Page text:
PHOTO: Trish Wend
My last post discussed the tendency of so many Americans to complain about government while at the same time relying on the services it provides, all the while, likely not understanding how dependent they are on those services. One of the comments, posted by Lexcade said:
"i think the problem is that too many people are ignorant about what the government actually does but they have no interest in gaining the knowledge they need to understand. they're perfectly willing to let the pretty women on fox tell them what to believe, and they buy it without a second thought. i'm sure there's some sort of psychology term for this, but i don't remember what it is. i just call it laziness."There is a form of mental laziness that allows us to ignore that which is uncomfortable and would require effort to correct. Cognitive dissonance is the state in which ones behavior is in conflict with one's beliefs; in this situation, the individual complains about the government intruding into their lives while at the same time knowing - perhaps unconsciously - that without government, their lives would be extremely different and very likely, uncomfortable.
In order to resolve that dissonance, you have to change either your beliefs (okay, government isn't all that bad) or your behavior (stop complaining about it or do something pro-active to change it). Somehow, waving signs and chanting pre-packaged slogans that have required no real thought doesn't quite do it.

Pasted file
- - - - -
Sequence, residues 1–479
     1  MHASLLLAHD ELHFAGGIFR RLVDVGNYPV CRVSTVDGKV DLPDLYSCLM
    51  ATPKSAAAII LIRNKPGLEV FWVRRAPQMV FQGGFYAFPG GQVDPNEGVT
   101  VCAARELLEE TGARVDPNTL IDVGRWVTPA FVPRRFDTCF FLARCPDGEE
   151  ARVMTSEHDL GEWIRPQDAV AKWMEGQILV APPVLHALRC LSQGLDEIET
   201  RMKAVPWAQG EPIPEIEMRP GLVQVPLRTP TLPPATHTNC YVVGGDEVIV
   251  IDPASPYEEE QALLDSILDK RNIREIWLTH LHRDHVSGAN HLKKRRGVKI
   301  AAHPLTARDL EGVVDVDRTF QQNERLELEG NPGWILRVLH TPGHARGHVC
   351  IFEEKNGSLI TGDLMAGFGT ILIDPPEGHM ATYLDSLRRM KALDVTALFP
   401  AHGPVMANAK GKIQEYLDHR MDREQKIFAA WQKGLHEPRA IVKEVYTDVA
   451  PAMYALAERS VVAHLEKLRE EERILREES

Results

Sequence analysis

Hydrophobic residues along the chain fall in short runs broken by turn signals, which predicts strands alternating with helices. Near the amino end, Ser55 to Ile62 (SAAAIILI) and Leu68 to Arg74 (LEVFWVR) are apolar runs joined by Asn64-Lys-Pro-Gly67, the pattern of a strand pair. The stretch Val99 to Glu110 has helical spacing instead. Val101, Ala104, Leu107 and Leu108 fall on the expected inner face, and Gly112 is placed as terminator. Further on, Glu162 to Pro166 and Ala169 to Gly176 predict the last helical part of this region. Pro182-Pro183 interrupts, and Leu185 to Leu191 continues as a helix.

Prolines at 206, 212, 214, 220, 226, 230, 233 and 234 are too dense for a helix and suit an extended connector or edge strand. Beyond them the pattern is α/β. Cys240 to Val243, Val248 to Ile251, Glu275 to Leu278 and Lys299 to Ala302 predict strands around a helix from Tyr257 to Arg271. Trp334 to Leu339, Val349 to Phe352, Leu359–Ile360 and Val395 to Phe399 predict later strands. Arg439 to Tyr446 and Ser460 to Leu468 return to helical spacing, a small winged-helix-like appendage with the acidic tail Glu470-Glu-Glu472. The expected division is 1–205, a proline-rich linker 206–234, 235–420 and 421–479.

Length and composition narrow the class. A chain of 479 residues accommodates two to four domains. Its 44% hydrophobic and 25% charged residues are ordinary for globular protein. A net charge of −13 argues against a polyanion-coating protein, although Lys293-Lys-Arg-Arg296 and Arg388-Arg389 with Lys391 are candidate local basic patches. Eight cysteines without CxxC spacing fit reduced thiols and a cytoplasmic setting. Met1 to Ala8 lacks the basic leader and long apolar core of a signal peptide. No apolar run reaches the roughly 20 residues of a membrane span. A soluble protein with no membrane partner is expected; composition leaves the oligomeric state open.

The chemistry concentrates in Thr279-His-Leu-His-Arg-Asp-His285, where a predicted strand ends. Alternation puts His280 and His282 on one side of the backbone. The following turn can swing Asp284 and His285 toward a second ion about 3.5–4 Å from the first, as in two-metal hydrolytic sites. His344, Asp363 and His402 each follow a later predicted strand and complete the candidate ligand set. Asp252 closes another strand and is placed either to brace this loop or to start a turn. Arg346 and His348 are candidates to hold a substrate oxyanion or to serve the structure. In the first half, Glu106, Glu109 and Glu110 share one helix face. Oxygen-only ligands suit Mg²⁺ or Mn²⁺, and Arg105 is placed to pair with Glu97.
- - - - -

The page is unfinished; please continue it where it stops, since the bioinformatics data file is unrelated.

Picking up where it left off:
It is very difficult to change behavior and research has found that cognitive dissonance is usually resolved by changing beliefs or attitudes. In the case of the teabaggers, the change required on either end of the spectrum is so radical that it is far more comfortable to ignore it.
In order to recognize dissonance, one must have a certain level of self-awareness and be willing to recognize the dichotomy that exists within us all. Introspection and self-improvement are not fun and one of the reasons that I know I have had a successful counseling session is if my client cries. Real work is not easy or comforting and to accomplish anything lasting requires what one of my professors called "kicking it down into the basement and keeping it there."
In social psychology, we learn that one of the strongest social desires is to be liked. In a group, we tend to accommodate our beliefs and desires to those of the group and over time, resolve any conflict within ourselves by telling ourselves that those are our real beliefs. We tend to associate with and like those who are most like us, and studies have shown that when presented with negative information, we tend to think better of people that we like and rationalize away the negative information. We also tend to believe that people we like believe in the same way that we do and people we don't like, don't (all cats are animals, therefore, all animals are cats). If someone is different, we are quick to believe the worst and given the choice, will ignore exculpatory evidence weighted in favor of a stranger over proof of wrong-doing against someone we like.